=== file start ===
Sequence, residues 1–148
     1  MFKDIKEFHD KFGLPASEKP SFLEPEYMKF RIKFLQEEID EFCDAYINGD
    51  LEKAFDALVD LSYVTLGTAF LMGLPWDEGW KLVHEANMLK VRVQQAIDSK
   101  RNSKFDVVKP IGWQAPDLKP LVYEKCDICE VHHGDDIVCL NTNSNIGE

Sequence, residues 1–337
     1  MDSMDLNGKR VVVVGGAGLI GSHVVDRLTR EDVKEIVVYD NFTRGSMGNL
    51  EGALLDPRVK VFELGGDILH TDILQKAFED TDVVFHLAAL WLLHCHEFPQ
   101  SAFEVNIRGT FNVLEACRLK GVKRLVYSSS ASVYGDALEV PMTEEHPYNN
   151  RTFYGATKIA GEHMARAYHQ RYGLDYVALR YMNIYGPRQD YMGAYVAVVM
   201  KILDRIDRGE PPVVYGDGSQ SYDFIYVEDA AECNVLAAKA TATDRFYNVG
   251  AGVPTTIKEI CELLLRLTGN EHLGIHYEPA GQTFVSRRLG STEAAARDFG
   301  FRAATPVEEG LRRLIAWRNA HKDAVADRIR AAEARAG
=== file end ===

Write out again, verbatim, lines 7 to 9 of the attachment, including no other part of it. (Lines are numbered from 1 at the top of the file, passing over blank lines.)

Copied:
    51  EGALLDPRVK VFELGGDILH TDILQKAFED TDVVFHLAAL WLLHCHEFPQ
   101  SAFEVNIRGT FNVLEACRLK GVKRLVYSSS ASVYGDALEV PMTEEHPYNN
   151  RTFYGATKIA GEHMARAYHQ RYGLDYVALR YMNIYGPRQD YMGAYVAVVM